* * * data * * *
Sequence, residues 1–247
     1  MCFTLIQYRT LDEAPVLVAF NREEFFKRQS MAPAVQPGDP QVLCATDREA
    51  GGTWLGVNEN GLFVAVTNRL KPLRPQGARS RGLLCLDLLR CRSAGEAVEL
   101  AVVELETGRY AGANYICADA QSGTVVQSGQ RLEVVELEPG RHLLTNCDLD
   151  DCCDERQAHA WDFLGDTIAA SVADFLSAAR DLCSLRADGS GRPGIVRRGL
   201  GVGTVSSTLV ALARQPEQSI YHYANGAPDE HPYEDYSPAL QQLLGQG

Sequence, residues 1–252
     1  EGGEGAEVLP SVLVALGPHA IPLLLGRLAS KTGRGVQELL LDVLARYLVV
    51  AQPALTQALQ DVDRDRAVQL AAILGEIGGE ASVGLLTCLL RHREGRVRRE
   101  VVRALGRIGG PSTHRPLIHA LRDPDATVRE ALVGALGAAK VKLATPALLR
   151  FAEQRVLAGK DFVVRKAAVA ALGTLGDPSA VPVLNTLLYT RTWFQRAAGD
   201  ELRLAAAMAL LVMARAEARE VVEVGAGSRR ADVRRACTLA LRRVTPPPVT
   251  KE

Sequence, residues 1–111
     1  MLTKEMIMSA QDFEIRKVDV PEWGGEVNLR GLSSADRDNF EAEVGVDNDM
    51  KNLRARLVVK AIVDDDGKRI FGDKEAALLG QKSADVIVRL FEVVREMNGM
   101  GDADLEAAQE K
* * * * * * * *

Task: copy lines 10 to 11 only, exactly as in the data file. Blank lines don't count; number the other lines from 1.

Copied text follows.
   101  VVRALGRIGG PSTHRPLIHA LRDPDATVRE ALVGALGAAK VKLATPALLR
   151  FAEQRVLAGK DFVVRKAAVA ALGTLGDPSA VPVLNTLLYT RTWFQRAAGD